Abstract: Auf der Basis der Existenzgründungsstatistik des IfM Bonn wurde das gewerbliche Gründungsgeschehen im Dienstleistungssektor untersucht. Im Dienstleistungssektor fanden 2013 knapp drei Viertel aller Gründungen statt und damit weniger als 1998. Ursächlich dafür ist vor allem ein Anstieg der Anzahl der Gründungen im Baugewerbe. Insgesamt war das Gründungsgeschehen im Dienstleistungssektor rückläufig, allerdings mit teils erheblichen Unterschieden in den einzelnen Dienstleistungsbranchen. An der Dominanz der Bereiche Handel, Reparatur und Instandhaltung von Kraftfahrzeugen, Gastgewerbe und Erbringung von sonstigen wirtschaftlichen Dienstleistungen hat dies jedoch nichts geändert. Frauen sind vergleichsweise häufig und Ausländer vergleichsweise selten im Gründungsgeschehen im Dienstleistungssektor vertreten.
    Abstract: Using IfM Bonn's business start-up statistics (person related data) this paper analyzes the commercial start-up activities (excluding liberal professions) in the service sector. In 2013 almost three quarters of all business start-ups took place in the service sector, which was therefore fewer than in 1998. The main reason is an increase in the number of start-ups in the construction sector. Altogether the start-up actvities in the service sector were declining, but with partly great differences betwen the particular service branches. Still most start-ups were in the fields of wholesale and retail trade, repair of motor vehicles and motorcycles, commodation and food service activities and administrative and support service activities. Women are relatively often and foreigners rarely represented in the start-up actvities of the service sector.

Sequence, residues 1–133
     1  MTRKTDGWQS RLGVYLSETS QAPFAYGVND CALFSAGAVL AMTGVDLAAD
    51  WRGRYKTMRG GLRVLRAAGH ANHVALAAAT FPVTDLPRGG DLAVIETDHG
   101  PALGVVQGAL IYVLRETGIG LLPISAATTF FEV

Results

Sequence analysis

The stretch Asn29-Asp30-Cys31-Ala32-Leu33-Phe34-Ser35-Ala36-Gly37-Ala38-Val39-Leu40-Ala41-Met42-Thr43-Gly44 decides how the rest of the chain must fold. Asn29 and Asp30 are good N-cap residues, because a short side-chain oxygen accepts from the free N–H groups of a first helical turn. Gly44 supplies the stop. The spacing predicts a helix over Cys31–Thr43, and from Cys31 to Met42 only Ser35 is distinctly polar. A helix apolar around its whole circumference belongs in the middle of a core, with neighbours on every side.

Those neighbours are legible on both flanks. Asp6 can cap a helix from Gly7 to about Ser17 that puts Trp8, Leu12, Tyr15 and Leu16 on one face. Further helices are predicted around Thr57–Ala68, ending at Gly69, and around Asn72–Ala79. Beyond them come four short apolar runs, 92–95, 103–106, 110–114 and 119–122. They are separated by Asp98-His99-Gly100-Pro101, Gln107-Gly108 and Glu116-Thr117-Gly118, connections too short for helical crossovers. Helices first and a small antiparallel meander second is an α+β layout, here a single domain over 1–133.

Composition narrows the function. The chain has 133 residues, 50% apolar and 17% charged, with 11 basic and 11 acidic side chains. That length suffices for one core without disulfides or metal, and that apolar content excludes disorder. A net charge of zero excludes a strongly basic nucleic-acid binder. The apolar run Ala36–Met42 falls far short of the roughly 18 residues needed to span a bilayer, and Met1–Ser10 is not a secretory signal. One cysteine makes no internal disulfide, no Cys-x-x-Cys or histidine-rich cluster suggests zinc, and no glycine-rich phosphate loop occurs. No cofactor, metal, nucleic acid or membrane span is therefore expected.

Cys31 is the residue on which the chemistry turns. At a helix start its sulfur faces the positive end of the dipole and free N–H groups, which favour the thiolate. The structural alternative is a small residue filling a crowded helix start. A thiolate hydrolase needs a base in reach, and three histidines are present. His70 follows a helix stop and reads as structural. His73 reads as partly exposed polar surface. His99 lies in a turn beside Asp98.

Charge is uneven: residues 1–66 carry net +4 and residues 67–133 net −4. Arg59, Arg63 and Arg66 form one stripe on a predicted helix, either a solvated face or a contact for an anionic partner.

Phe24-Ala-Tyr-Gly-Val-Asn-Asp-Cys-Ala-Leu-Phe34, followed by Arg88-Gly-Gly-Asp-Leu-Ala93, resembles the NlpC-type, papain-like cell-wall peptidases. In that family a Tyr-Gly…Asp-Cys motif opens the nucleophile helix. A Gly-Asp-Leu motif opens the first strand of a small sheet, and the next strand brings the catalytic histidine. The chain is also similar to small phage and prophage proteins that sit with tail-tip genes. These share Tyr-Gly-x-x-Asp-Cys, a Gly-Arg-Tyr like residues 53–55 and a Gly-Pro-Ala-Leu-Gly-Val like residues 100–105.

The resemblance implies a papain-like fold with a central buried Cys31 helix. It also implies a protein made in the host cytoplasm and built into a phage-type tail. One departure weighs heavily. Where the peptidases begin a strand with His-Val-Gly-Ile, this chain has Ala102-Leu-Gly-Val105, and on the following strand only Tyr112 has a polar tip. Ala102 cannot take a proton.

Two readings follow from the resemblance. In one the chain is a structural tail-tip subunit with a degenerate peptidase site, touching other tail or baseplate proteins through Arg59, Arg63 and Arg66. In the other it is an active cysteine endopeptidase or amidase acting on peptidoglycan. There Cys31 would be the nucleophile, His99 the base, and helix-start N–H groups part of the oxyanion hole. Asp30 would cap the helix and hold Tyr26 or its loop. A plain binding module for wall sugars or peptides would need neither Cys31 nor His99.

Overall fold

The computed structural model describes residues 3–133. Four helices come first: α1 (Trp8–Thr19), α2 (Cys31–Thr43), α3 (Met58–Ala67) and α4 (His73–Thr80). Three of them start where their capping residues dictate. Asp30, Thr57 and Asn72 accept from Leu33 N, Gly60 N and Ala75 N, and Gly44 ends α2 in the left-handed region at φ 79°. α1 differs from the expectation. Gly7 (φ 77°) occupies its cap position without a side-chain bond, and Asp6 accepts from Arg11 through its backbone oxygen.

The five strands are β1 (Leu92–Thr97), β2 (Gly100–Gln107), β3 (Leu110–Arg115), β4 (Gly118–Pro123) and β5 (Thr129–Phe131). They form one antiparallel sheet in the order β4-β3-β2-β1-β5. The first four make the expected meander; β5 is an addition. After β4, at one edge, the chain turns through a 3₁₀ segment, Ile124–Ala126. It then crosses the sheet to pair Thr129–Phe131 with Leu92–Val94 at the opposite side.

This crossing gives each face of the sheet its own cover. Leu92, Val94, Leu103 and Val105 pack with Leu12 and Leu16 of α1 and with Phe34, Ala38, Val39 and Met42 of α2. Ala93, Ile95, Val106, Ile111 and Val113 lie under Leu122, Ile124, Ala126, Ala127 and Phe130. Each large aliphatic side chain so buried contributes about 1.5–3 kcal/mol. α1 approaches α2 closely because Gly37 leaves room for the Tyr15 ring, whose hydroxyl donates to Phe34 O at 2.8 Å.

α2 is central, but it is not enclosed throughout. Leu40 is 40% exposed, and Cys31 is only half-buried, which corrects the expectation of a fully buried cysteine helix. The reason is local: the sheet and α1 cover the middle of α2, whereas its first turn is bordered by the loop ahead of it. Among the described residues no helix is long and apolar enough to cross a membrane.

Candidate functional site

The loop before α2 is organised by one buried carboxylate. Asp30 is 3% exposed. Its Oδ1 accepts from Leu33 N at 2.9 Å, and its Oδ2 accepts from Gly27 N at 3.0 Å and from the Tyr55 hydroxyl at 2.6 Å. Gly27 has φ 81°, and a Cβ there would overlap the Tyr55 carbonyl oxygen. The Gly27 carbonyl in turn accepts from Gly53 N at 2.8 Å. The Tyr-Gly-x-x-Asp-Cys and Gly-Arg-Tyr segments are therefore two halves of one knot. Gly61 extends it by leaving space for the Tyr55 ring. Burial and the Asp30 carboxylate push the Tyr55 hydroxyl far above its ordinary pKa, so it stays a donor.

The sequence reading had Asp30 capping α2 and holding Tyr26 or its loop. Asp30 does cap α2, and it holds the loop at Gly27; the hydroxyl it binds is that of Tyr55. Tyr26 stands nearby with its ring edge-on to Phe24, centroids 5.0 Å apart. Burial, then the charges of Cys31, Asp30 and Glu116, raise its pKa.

Keywords: Dienstleistungssektor,Existenzgründungen,Deutschland,Frauen,Ausländer,service sector,business start-ups,Germany,women,foreigners
    JEL: J15 J16 L8 M13
    Date: 2014
  12. By: Bijedic, Teita; Maass, Frank; Schröder, Christian; Werner, Arndt
    Abstract: Wissenschaftlerinnen und Wissenschaftler an Hochschulen verfügen über ein hohes Maß an innovativem Wissen, das die ideale Ausgangsbasis für eine Unternehmensgründung darstellen kann. Bisher fehlte jedoch eine umfassende empirische Analyse, inwieweit die bestehenden Rahmenbedingungen tatsächlich die Gründungsneigung von Hochschulmitarbeitern beeinflussen. Hier setzt die vorliegende Studie an, indem sie die Wirkung der verschiedenen Einflussfaktoren (die Arbeitsbedingungen, Netzwerkbeziehungen und gründungsfördernde Hochschulangebote) untersucht und potenzielle institutionelle Handlungsfelder identifiziert. Die Befragung von 5.992 Wissenschaftlern an 73 deutschen Hochschulen hat dabei gezeigt, dass insbesondere Forschungsanreize und die erfolgreiche Vermarktung eigener Forschungsergebnisse, aber auch Rollenvorbilder im kollegialen Umfeld, Netzwerke - hier insbesondere zu externen Partnern - und spezifische Infrastrukturangebote gründungsfördernd wirken.
    Abstract: Knowledge of great commercial value is unexploited in universities. Thus, policy makers have started to foster knowledge transfer activities by incentivizing academic entrepreneurship. To date, however, little is known whether the incentives provided so far by the universities have raised the start-up inclination of their scientific staff. Using data of 5,992 academic scientists in 73 German universities, we analyze how working conditions, network structures, and institutions affect the likelihood of the scientific staff to get engaged in entrepreneurial activity. We find that for example role models ("peers") as well as the infrastructure - namely consulting offers, start-up camps, awards and patent exploitation agencies - have a strong positive impact on the entrepreneurial propensity of scientists.
    Keywords: Hochschulgründungen,Technologietransfer,Gründungsförderung,Academic Entrepreneurship,Knowledge Transfer,Start-Up Promotion
    JEL: D02 H52 I23 I28 L26 M13 O31 O38
    Date: 2015

This nep-ent issue is ©2015 by Marcus Dejardin. It is provided as is without any express or implied warranty. It may be freely redistributed in whole or in part for any purpose. If distributed in part, please include this notice.
General information on the NEP project can be found at For comments please write to the director of NEP, Marco Novarese at <>. Put “NEP” in the subject, otherwise your mail may be rejected.
NEP’s infrastructure is sponsored by the School of Economics and Finance of Massey University in New Zealand.